"Mark Twain was born fully grown, with a cheap cigar clamped between his teeth."
So begins Chapter 1 of The Trouble Begins at 8. What? Fully grown? How can that be? And a cheap cigar? Huh? Readers will be engaged from the start, questions quickly forming about Mark Twain, no doubt an author many of them are being "forced" to read in school. An author who, if students are given the opportunity and proper resources, may prove to be equally as interesting as the classic American literature he created.
In the preceding preface, Sid Fleischman offers other intriguing anecdotes. A Nevada minor once introduced Mark Twain by saying, “I don’t know anything about this man. I only know two things about him. One is, he has never been in jail. And the other is, I don’t know why.” Later Fleischman reveals the inspiration for the book’s title. Twain’s first posters advertising his speaking engagements “proclaimed that the doors would open at seven. ‘The Trouble to begin at 8 o’clock.’”
Sid Fleischman does his best to separate the fact from the fiction in Mark Twain’s life, a task in which Twain himself apparently didn’t put too much stock. His autobiography, as noted numerous times, included certain exaggerations and/or additions as well as more than a few exclusions.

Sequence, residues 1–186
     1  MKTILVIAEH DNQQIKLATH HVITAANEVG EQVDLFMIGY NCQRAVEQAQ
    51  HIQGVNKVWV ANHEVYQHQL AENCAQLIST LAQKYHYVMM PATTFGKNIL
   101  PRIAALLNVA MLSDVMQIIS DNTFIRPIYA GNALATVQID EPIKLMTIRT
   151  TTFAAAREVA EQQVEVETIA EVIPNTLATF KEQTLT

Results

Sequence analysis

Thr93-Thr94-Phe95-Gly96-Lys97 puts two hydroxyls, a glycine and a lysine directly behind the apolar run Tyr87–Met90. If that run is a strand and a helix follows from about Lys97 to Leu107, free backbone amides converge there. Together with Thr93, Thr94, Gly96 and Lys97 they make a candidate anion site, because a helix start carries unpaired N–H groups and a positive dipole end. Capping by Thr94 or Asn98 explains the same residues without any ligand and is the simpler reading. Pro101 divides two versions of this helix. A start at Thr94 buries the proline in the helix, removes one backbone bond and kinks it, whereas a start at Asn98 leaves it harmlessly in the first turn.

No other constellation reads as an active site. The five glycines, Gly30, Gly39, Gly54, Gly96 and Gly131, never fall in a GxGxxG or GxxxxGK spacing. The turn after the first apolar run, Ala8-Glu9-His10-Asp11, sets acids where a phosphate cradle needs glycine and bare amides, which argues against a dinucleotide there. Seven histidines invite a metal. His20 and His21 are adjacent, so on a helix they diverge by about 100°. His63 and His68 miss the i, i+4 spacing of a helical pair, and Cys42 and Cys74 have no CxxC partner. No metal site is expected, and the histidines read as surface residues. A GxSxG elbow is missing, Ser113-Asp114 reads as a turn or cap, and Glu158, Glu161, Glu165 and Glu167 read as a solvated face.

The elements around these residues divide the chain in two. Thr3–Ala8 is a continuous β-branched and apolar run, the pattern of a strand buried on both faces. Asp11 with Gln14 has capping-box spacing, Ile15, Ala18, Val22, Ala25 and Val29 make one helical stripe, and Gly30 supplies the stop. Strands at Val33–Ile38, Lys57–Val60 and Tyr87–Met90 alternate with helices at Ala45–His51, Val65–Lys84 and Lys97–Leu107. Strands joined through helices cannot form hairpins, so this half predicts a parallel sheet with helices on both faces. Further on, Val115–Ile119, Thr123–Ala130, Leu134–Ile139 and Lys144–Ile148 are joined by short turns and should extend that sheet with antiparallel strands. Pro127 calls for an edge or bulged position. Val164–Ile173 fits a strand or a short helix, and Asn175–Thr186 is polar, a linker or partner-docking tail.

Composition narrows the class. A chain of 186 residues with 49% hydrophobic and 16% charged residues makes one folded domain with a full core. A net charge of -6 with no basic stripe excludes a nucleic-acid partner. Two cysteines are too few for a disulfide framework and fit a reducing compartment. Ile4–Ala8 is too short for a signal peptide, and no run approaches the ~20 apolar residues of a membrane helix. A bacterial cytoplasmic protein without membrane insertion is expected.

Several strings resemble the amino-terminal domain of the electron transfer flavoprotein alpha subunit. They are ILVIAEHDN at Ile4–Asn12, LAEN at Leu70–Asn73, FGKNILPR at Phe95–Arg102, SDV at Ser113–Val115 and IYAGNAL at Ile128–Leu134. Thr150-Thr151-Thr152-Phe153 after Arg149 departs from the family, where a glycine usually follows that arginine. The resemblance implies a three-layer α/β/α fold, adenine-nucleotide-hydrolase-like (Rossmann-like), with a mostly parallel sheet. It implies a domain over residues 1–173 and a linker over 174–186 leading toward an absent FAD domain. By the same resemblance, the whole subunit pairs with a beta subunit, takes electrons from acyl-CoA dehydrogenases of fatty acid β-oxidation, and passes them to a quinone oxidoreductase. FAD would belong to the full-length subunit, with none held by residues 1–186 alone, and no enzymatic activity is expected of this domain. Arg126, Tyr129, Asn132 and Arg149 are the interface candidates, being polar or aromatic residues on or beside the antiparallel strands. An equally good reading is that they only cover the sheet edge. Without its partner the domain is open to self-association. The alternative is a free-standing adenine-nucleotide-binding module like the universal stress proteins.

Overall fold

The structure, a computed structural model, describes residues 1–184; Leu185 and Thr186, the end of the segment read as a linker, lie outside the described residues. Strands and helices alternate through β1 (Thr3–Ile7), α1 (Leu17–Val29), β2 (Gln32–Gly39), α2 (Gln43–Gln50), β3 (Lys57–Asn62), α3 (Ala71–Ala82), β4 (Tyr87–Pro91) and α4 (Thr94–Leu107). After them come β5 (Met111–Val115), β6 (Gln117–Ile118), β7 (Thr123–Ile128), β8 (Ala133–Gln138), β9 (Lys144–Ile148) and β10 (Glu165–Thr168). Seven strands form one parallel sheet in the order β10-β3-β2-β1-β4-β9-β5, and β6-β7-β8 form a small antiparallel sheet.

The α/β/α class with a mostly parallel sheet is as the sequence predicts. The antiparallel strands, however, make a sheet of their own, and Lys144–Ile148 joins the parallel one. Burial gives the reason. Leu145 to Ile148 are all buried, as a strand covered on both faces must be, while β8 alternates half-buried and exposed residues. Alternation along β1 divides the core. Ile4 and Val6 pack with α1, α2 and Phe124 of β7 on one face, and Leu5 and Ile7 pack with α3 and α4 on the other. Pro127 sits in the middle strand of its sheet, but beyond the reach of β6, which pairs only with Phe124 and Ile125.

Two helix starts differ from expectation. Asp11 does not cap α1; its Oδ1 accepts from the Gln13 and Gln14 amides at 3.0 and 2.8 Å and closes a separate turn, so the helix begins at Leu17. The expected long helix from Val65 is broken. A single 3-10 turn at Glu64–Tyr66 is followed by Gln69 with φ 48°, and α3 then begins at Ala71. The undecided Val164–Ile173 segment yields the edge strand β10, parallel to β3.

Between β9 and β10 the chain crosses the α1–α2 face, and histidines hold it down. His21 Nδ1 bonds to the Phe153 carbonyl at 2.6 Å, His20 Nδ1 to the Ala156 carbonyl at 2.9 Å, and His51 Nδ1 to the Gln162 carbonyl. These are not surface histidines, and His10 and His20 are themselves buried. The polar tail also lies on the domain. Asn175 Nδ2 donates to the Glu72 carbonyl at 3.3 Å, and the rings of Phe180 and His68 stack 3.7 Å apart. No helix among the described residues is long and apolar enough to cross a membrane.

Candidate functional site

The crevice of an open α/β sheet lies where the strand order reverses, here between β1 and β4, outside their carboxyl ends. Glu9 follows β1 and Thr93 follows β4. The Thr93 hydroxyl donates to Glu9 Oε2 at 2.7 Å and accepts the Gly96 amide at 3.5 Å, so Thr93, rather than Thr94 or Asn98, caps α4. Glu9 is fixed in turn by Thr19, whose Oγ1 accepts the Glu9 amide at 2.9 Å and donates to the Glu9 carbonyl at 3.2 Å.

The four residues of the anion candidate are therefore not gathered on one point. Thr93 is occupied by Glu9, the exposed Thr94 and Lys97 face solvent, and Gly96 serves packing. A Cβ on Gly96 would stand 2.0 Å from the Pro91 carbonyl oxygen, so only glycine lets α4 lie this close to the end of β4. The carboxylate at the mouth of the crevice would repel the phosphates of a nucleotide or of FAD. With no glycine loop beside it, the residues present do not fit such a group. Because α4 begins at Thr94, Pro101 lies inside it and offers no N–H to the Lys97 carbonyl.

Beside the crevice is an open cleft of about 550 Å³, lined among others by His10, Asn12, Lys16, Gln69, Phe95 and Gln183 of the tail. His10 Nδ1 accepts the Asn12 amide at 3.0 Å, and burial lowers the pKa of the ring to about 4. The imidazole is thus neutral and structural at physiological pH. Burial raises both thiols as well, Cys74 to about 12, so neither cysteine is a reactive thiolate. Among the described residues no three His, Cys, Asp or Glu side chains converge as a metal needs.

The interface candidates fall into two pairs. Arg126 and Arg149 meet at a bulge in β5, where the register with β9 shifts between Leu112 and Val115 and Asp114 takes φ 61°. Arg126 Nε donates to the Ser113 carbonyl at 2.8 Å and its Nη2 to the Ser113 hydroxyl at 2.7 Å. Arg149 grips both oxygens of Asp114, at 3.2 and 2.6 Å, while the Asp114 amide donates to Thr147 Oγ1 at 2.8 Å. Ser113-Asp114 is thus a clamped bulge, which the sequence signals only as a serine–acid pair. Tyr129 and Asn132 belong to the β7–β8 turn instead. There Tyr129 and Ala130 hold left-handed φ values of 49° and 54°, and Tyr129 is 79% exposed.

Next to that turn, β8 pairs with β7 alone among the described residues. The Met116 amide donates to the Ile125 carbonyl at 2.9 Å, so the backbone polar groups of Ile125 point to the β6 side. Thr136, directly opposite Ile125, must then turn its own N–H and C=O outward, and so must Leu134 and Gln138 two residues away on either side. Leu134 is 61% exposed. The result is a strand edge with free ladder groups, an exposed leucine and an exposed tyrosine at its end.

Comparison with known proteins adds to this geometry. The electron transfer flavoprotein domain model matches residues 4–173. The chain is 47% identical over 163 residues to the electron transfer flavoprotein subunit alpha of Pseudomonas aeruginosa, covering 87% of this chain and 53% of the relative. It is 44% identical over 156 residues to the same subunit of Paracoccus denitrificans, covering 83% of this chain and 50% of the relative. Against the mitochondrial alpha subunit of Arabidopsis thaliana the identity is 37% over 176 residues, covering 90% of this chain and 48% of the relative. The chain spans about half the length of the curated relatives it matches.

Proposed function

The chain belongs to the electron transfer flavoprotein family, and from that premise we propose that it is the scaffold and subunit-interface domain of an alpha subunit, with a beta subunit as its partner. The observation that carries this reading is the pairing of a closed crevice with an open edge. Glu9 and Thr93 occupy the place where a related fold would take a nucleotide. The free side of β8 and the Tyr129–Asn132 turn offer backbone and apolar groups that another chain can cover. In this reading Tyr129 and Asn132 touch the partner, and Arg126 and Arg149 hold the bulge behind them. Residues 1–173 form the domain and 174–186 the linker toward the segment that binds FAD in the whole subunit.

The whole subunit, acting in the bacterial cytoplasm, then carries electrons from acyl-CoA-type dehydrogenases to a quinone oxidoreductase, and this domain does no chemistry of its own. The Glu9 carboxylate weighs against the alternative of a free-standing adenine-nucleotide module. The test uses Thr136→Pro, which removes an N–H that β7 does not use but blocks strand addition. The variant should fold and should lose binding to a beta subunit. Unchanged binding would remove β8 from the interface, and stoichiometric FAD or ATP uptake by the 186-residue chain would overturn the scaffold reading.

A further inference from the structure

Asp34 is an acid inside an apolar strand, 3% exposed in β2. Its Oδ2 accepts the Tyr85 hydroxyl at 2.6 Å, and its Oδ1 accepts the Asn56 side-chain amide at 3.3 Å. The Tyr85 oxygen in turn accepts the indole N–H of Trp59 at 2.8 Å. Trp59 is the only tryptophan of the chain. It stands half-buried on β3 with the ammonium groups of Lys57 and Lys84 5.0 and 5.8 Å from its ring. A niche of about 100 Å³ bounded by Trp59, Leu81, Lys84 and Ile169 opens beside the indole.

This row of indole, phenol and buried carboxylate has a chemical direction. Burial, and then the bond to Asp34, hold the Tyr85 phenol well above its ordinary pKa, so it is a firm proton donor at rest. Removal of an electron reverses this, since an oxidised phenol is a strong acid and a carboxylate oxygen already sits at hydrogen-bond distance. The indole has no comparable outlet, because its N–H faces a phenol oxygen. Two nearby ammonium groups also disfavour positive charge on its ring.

The book begins with young Samuel Clemens’ first work in newspaper, where he published a banner headline declaring “TERRIBLE ACCIDENT! 500 men killed and missing!!!” followed by, in smaller type, “We had set the above head up, expecting (of course) to use it, but as the accident hasn’t happened, yet, we’ll say (To be continued.)” He also started a feud with the editor of the local competition, accusing him of “failing to drink himself to death.”
The story continues following Samuel’s life as a riverboat captain, his two weeks in the military, his travel west to Nevada, more work in newspaper, his dabblings in fiction, and the next (and the next and the next...) get-rich-quick scheme. He travels the world and creates imaginary travel companions, passing them off as real. Slowly but surely readers witness the death of Samuel Clemens and the birth of Mark Twain.
Each story is as funny as the next, and each reads as a bit of humor concocted by the man himself. Teachers, get yourself a copy of this book and be sure to use it alongside Tom Sawyer and Huckleberry Finn. Young readers will enjoy this creatively written story about Mark Twain as much as any story by Mark Twain.